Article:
The man responsible for blowing the whistle on Operation Fast and Furious by posting allegations of gunwalking on his website says he was unceremoniously dismissed from his role as an agent with the Department of Alcohol, Tobacco and Firearms (ATF) this Tuesday. And not only that, but he claims he was handed his termination papers in a Denny’s Parking Lot. And a video has now surfaced allegedly showing how it went down:
The agent in question is Special Agent Vince Cefalu, a 25 year veteran of ATF with a track record that is, but for his whistle-blowing over Fast and Furious, apparently spotless. Prior to his firing (which Cefalu plans to appeal), Cefalu first began blowing the whistle on administrative incompetence and corruption within the ATF as far back as 2005, when he blew the whistle on illegal usage of wiretapping in a local case.
Needless to say, this did not endear Special Agent Cefalu to his colleagues, who over the intervening 12 years began to steadily receive worse and worse reviews from management, seemingly as a means of retaliation for his “jumping the chain of command.”
However, Cefalu claims that the allegations that truly pushed him past the point of no return were his claims of gunwalking that would eventually be validated in the form of the Fast and Furious scandal. The fact that he blew the whistle on this type of operation is – Cefalu claims – the primary reason he was served with a termination notice. A post following his dismissal and detailing his intent to appeal makes this argument forcefully, claiming that the charges against Cefalu are fabricated:
Notwithstanding the transparently trumped-up nature of the so-called “charges” in question, proposing a termination and then excuting it over a year and a half later is prima facie evidence that the action is unsustainable and is virtually certain to be reversed on appeal.
Moreover, the allegations used as a basis for the adverse action are laughably unfounded, deliberately fabricated, and relied largely on the testimony of ATF officials who committed easily-provable felony perjury in open court and later in sworn depositions. I herein predict that a number of the people involved in this grotesque act of bald-faced unlawful retaliation and obstruction of justice will do significant jail time before this is all over.
I will also say with confidence that this was by far the stupidest , most ill-advised course of action that they (ATF management) could possibly have taken in this case. Rather than quietly settling what a mediocre first-year law student would recognize to be a Hindenburg of a losing case (for them), ATF just substantially amplified the damages award that Cefalu will, in my opinion, recover at trial. Talk about stepping in it.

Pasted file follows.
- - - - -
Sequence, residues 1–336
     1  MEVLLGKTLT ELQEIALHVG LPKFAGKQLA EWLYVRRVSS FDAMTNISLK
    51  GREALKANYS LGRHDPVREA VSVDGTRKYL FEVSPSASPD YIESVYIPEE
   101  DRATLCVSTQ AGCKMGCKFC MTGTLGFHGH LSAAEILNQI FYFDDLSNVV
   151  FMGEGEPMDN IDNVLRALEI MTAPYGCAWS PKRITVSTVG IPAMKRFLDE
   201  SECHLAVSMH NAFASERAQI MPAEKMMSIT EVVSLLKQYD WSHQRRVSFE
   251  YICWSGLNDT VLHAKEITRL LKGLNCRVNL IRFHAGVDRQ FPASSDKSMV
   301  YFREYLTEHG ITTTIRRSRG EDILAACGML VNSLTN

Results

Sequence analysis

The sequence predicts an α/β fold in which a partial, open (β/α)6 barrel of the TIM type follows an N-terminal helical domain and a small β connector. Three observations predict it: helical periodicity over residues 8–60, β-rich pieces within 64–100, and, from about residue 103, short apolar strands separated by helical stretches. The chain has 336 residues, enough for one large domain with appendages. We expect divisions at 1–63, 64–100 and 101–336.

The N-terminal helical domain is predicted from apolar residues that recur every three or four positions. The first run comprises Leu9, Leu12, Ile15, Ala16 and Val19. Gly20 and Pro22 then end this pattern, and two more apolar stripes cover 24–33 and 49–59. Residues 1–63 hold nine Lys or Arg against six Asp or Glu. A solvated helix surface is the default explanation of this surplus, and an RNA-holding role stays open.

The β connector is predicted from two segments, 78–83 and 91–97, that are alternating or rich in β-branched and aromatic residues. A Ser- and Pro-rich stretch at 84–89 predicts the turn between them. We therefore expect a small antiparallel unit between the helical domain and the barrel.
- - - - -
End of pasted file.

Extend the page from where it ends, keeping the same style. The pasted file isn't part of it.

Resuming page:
It’s well-known that ATF management and their viciously corrupt counsel are, for the most part, brutally self-serving and mean-spirited. But this Cefalu termination is nevertheless surprising in its utter incomprehensibility under the circumstances, from purely legal and elemental federal labor law standpoints. If they had any prayer of making the action stick, they had to do it more than a year ago, before so many additional events have transpired that will render the termination plainly unlawful and inescapably untenable. It’s just plain moronic no matter how you slice it.
It seems apparent that ATF’s leadership at all levels has degenerated to a pathetic state of paroxysmal, shoot-from-the-hip incompetence. They can’t even do the wrong thing right.
Naturally enough, ATF denies that any retaliation took place. Fox News has the agency’s non-explanation below:
The ATF, though, has previously denied that it was retaliating against Cefalu.
ATF spokesman Drew Wade confirmed that Cefalu “separated” from the agency on Tuesday, though Wade could not comment further.
“Because of privacy laws and internal policies, we can’t talk about personnel matters,” he said.
Townhall.com’s Katie Pavlich has reposted an article that Cefalu wrote for Townhall Magazine this February that explains the process by which he went about acting as a whistleblower, and that raises the specter of ATF corruption in detail. This paragraph in particular sums it up:
At no time in my career prior to becoming a complainant against my own agency—the agency I love and have been honored to serve— could I have ever been convinced I would be the poster boy for whistleblowers and challenges to corrupt government. As a young Marine military policeman, I was thrilled, proud and honored to be in law enforcement. I never considered it work.
Needless to say, this type of action is likely to receive scrutiny from other branches of government, with the most likely source of that scrutiny being House Oversight Committee Chairman Darrell Issa, who is notable for being especially tenacious in his pursuit of wrongdoing in the Fast and Furious case.